Twitter/Ines Vuckovic for Dose

First amendment = protected. For now.

The Trump administration has withdrawn its demand that Twitter reveal who’s behind an anonymous account that’s lately been critical of immigration policy.

The US Department of Justice reportedly told Twitter on Friday that it would officially withdraw its summons to reveal the identity of a user(s) known as @ALT_uscis, which stands for “alternative US Citizenship and Immigration Services.”

The account claims to be run by a staffer (or staffers) working inside the agency, and has lampooned Trump’s (frankly terrible) immigration decisions for months.

For example, @ALT_uscis tweeted this last night:

Twitter’s victory is great news?—?at least for now.

For months, Trump has tried to find out who’s behind @ALT_uscis. In March, the US Department of Homeland Security officially summoned Twitter to turn over @ALT_uscis’s phone number, mailing address and IP address, which feels like something Putin might do.

On Thursday, Twitter announced that it was suing DHS and US Customs and Border Protection, which is housed under DHS’ umbrella. Twitter’s lawsuit claimed those agencies violated the First Amendment by trying to figure out @ALT_uscis’s identity.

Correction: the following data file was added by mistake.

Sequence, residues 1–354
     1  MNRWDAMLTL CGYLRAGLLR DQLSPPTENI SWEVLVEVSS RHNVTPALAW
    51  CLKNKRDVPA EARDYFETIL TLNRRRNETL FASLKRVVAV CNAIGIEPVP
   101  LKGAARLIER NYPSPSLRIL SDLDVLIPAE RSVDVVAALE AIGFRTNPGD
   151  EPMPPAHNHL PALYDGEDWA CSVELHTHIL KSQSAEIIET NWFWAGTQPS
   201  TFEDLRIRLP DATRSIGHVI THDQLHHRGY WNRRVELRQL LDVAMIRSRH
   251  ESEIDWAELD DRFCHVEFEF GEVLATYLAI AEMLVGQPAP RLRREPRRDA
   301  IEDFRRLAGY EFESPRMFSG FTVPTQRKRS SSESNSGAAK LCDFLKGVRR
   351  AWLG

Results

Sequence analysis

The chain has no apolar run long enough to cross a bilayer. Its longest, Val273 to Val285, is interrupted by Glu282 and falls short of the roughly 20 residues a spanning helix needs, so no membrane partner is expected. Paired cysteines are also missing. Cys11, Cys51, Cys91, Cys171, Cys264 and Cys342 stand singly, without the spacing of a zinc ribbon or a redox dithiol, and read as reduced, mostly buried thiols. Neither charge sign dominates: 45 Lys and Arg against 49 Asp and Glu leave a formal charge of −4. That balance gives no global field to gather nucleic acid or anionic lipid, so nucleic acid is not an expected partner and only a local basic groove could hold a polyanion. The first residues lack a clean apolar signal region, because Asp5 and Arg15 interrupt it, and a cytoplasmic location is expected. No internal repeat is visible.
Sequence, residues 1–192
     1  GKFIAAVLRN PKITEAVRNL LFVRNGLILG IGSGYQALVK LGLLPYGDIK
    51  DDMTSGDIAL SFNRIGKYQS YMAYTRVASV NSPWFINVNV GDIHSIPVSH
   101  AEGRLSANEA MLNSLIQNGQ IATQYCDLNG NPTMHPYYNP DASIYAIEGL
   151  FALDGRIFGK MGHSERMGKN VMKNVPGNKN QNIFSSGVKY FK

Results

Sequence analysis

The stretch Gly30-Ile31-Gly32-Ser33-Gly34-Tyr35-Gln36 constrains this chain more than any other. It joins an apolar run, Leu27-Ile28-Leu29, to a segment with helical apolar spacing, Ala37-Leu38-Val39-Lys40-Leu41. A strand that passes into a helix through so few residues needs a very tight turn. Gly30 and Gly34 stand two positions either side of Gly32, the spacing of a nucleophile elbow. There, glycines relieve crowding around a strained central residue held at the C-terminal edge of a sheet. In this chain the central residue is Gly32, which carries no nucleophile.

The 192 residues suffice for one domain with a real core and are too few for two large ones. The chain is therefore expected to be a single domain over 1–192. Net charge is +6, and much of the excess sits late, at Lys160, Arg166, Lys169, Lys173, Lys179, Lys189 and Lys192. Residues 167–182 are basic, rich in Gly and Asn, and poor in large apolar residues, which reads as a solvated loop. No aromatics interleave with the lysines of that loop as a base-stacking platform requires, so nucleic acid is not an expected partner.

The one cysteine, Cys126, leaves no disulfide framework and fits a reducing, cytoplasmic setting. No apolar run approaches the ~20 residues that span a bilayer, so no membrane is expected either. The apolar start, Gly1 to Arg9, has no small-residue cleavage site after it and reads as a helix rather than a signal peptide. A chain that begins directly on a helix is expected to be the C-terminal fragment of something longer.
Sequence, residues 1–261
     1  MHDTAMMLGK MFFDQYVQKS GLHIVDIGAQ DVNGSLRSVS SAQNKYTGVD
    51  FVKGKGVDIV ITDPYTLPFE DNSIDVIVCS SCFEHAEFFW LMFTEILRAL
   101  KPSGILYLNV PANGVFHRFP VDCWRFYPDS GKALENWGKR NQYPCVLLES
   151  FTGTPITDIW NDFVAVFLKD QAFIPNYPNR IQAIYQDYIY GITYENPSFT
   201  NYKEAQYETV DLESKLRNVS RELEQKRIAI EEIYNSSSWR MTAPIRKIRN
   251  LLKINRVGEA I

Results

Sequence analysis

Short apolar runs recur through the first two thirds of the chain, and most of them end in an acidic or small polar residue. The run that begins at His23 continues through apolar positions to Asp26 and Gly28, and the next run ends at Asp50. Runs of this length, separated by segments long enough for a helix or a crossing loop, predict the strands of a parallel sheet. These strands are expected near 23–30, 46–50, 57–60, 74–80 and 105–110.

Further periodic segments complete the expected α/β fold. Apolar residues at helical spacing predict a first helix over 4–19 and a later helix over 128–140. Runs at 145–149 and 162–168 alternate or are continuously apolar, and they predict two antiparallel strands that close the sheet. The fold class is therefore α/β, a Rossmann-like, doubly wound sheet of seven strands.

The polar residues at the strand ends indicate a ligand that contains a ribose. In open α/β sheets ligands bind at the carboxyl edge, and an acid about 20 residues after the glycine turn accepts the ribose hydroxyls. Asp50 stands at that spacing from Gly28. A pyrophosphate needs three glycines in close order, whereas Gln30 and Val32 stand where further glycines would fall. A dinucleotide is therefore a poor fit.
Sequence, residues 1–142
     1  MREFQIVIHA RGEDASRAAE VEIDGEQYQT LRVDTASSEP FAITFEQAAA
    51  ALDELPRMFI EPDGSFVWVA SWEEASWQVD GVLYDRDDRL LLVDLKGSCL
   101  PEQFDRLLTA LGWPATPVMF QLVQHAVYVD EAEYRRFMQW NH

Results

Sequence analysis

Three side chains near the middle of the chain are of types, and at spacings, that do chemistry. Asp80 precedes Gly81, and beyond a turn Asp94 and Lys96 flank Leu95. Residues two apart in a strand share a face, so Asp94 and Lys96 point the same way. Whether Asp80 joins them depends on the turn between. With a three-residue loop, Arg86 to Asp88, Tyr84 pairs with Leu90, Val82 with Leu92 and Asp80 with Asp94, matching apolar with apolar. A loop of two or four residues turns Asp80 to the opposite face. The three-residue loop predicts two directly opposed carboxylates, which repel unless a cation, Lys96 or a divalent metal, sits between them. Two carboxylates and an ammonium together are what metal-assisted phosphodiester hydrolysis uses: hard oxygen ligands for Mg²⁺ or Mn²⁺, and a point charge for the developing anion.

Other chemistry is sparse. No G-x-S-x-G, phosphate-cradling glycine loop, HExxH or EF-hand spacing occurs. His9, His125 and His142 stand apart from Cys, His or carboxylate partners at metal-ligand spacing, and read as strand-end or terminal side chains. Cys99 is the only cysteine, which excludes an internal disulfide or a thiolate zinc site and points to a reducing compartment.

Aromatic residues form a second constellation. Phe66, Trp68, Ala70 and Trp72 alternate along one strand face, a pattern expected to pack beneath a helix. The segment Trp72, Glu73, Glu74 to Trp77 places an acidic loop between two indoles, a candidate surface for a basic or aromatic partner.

On Friday, in light of the government’s retreat, the company dropped the lawsuit.

@ALT_uscis’s followers have ballooned from 30,000 to 150,000 in the 24 hours since the lawsuit was filed.

Every day it seems like the US is becoming more like Russia. Between arresting journalists and trying to discredit the media, Trump’s ongoing attempts to restrict freedom of speech in America are downright Kremlin-esque.

It’s not hard to see the danger of allowing the government to unmask, and presumably punish, those who criticize it. Every middle school social studies student knows the ability to say negative things about the government without ending up in a labor camp is what makes democracy democracy.

So it’s pretty awesome that Twitter stood up to Trump’s bullying and won. Here’s hoping this teaches Trump a lesson or two about the sacredness of free speech in America?—?but don’t hold your breath.